As I mentioned, the device could use some sort of indicator to tell you which end should face towards you. I assumed that the speaker should point inwards but it’s actually the reverse as the pinhole microphone that handles voice pickup sits on the opposite rounded end. And I actually used it the wrong way for a bit until I took a second look at the orientation of the letters on the unit and realized my error.

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The spec sheet lists standby time at 1,000 hours and talk time at 20 hours. In practice, the talk time number seems pretty close and charging from a dead battery takes about 3 hours. If the device remains unpaired and idle it will power off by itself, telling you as much with an air of slight indignation. The sound quality of this device is extremely impressive and probably one of its best selling points regardless of  its other significant benefits. My usual gripe is that either a speakerphone isn’t loud enough or that once you increase the volume you loose clarity. Neither of these are issues with the SuperTooth. And the noise filtering technology does a really good job of eliminating the usual frustration of callers having to cope with the other party talking on the dreaded Bluetooth device. One particular nicety is that the SuperTooth HD can function as an A2DP audio streaming device, allowing you the option of listening to music or audiobooks. And the fact that the speaker is so solid actually makes this a pleasant experience.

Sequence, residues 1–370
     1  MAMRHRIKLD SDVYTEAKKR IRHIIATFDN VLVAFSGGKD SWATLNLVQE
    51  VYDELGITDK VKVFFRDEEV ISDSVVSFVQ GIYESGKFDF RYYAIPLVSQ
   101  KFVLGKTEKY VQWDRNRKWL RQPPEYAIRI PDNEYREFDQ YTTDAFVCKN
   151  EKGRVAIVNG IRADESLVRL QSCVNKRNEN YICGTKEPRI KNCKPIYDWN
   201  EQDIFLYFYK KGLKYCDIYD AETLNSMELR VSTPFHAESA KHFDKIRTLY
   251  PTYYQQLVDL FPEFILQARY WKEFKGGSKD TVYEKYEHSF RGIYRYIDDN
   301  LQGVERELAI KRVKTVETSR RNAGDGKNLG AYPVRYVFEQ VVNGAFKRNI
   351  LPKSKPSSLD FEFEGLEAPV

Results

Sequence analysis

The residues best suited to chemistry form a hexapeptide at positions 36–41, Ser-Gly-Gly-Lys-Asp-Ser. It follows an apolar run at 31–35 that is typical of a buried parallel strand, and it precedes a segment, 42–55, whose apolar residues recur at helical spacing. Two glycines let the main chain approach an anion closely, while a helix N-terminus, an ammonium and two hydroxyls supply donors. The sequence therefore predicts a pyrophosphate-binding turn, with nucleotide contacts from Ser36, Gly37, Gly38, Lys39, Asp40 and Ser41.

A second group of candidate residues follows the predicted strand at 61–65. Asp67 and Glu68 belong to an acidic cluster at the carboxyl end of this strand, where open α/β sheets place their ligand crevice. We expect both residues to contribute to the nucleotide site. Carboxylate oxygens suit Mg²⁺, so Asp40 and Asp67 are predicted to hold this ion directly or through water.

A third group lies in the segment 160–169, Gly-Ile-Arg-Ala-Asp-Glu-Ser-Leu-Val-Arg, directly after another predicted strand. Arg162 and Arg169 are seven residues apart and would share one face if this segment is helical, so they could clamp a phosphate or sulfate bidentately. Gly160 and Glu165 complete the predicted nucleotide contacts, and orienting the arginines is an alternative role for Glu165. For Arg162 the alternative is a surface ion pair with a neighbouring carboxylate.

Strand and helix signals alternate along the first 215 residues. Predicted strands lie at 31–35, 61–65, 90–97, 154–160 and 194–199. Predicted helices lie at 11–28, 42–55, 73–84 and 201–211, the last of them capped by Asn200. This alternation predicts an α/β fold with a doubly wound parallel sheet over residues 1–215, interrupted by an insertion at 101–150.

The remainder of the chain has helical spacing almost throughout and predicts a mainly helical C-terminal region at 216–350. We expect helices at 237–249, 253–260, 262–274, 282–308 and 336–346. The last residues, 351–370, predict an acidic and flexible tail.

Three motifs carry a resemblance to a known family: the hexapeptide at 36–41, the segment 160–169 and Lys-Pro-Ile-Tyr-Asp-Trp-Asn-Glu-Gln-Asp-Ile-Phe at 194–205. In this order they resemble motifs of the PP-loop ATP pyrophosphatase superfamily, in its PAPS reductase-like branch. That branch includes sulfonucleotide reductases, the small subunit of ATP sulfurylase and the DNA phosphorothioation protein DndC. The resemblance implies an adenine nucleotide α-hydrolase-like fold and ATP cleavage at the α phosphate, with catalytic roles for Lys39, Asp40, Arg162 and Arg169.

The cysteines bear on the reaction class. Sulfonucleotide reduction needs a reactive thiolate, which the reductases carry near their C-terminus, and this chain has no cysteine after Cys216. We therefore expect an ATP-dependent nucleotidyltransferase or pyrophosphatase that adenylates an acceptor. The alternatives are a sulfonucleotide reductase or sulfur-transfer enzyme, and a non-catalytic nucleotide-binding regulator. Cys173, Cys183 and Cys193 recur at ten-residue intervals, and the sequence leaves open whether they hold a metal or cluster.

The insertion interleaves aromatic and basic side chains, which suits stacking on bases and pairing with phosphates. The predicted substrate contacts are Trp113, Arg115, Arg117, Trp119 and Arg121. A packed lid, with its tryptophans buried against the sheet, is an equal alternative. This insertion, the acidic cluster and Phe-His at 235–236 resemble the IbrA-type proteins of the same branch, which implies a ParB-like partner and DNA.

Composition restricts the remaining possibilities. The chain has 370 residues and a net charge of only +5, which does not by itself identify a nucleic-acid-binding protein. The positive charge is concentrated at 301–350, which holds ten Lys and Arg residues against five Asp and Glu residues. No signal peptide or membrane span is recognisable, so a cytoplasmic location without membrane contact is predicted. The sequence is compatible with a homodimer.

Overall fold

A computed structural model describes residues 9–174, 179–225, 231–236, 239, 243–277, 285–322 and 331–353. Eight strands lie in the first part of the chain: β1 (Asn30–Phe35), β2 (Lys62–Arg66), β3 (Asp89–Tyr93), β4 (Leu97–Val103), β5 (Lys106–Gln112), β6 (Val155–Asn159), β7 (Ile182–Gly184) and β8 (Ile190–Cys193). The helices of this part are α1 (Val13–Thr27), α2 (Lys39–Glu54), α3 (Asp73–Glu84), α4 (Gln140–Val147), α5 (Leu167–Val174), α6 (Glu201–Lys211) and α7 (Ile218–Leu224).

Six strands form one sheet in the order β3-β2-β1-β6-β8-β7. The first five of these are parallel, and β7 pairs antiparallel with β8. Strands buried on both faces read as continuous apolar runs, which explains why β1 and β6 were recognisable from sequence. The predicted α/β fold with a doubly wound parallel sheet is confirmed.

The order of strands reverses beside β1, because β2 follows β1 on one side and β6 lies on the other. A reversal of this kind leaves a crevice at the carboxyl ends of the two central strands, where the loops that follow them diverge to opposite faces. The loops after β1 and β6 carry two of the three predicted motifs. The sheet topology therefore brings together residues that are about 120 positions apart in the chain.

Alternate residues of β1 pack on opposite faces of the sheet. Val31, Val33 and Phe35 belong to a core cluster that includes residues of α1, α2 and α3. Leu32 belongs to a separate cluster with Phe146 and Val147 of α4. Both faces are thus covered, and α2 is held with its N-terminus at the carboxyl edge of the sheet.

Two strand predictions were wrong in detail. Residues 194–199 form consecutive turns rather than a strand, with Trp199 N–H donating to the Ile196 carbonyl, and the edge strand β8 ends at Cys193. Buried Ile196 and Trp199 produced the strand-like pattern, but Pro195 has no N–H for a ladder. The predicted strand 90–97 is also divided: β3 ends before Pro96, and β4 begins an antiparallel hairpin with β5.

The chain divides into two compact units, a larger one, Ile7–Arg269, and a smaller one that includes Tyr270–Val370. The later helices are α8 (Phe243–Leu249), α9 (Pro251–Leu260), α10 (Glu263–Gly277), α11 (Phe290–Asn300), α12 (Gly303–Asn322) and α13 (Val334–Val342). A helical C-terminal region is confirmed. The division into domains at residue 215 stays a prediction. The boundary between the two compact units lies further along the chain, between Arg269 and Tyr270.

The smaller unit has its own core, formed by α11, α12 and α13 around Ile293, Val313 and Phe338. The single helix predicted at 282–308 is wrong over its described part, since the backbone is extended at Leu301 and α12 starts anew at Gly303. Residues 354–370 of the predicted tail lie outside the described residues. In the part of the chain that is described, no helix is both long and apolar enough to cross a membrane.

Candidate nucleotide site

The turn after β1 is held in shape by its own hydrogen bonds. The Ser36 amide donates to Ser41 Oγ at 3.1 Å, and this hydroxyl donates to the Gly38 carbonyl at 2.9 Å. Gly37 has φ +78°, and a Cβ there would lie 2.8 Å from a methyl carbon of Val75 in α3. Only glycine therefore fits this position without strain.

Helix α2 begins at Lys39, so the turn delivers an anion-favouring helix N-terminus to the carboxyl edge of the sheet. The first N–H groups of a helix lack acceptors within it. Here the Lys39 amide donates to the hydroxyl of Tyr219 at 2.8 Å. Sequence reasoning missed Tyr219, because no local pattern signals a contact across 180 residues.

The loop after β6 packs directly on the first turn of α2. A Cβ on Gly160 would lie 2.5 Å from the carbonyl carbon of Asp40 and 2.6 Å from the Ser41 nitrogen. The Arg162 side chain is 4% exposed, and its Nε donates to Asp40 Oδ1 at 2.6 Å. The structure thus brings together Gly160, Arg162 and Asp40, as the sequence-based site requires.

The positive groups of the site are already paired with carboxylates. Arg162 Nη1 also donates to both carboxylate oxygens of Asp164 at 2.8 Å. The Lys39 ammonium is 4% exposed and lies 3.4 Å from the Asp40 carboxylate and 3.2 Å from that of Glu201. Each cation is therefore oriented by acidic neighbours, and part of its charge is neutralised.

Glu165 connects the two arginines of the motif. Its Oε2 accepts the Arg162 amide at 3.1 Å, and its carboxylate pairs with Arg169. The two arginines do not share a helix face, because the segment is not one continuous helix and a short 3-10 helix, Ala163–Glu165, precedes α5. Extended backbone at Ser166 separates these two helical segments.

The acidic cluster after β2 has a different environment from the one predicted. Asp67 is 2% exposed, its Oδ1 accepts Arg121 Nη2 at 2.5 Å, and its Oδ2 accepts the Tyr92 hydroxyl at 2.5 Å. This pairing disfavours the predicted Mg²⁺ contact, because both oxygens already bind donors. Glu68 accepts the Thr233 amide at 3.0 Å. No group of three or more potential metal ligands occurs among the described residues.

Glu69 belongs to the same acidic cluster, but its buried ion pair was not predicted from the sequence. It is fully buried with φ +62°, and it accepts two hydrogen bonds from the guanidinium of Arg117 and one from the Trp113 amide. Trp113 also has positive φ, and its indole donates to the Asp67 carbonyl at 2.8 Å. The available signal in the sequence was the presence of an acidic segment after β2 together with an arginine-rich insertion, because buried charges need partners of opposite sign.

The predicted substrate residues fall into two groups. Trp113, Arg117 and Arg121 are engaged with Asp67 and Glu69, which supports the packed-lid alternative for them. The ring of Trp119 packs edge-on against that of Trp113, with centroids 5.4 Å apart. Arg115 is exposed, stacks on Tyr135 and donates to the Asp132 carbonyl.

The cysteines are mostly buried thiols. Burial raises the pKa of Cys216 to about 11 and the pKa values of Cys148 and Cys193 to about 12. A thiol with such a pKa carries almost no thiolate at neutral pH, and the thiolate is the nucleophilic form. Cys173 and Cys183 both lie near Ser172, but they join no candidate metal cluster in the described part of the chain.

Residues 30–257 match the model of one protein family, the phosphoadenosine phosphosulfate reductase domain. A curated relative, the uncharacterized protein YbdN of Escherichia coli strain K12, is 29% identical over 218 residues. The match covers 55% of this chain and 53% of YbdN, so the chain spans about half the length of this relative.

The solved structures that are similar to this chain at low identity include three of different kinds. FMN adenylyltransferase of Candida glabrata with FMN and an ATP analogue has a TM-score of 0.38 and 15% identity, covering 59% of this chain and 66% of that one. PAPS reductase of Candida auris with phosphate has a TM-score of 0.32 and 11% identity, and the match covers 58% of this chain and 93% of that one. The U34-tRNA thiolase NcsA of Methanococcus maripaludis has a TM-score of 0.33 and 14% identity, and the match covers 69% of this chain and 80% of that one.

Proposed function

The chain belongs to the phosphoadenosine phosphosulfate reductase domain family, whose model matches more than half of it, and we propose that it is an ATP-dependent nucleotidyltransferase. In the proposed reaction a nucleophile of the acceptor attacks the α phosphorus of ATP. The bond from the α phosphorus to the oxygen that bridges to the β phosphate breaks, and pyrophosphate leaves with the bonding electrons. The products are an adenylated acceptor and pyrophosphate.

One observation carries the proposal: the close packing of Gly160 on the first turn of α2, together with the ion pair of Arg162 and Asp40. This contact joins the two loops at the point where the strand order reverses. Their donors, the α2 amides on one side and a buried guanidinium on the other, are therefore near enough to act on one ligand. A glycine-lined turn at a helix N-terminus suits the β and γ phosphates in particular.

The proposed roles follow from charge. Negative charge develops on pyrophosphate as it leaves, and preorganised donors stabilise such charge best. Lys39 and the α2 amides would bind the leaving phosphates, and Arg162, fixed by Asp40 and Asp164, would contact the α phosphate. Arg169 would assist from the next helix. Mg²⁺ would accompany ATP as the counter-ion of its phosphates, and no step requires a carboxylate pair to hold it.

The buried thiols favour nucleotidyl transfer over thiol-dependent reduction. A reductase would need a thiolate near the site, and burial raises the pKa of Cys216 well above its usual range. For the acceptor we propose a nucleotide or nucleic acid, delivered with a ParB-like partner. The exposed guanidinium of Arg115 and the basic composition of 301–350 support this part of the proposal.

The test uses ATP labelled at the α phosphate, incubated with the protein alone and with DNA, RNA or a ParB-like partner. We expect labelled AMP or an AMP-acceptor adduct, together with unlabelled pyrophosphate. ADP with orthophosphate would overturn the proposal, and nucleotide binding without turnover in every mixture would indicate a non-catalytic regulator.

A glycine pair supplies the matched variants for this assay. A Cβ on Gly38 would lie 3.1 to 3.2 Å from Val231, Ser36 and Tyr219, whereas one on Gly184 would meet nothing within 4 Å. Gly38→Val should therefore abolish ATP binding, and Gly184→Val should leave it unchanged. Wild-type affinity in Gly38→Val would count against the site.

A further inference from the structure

When you first power up the SuperTooth HD, you are given a choice between the King’s English, American English or a French woman for all voice prompts. Do yourself a favor and choose anything but American English, which is delivered in such a droll manner that you get sad every time the thing speaks. Pairing happens better than any device I’ve come across with prompts that walk you through the entire process. In my case, I had to enter in a 4-digit PIN but there is an expedited function for certain smartphones that bypasses this formality. When pairing is complete the device downloads your entire address book, giving you a status report on how far along it is at various intervals. Once everything is all set, incoming calls get announced via Caller ID and you can either say “Answer” or “Reject.”